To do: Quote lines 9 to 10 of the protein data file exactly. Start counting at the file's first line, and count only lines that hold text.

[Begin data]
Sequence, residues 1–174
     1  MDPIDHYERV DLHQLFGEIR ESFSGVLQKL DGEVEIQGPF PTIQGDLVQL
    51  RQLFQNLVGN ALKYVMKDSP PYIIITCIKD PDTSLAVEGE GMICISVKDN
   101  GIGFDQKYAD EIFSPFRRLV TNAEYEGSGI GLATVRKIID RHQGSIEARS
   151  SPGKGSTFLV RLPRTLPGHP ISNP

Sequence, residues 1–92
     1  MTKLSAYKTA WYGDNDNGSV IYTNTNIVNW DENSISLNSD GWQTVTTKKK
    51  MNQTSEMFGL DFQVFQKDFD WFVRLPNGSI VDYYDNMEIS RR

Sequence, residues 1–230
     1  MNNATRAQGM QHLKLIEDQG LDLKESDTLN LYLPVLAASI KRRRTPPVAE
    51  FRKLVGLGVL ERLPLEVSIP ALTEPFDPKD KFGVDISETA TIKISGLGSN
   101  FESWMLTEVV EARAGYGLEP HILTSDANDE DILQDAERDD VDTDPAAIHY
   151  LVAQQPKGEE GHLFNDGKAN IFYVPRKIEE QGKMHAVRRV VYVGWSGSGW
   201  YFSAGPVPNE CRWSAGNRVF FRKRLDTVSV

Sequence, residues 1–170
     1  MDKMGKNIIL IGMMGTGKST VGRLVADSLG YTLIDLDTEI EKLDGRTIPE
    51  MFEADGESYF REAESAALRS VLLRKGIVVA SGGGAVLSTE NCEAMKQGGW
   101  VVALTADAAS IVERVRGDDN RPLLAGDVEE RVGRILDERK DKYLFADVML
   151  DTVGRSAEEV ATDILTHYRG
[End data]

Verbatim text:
Sequence, residues 1–230
     1  MNNATRAQGM QHLKLIEDQG LDLKESDTLN LYLPVLAASI KRRRTPPVAE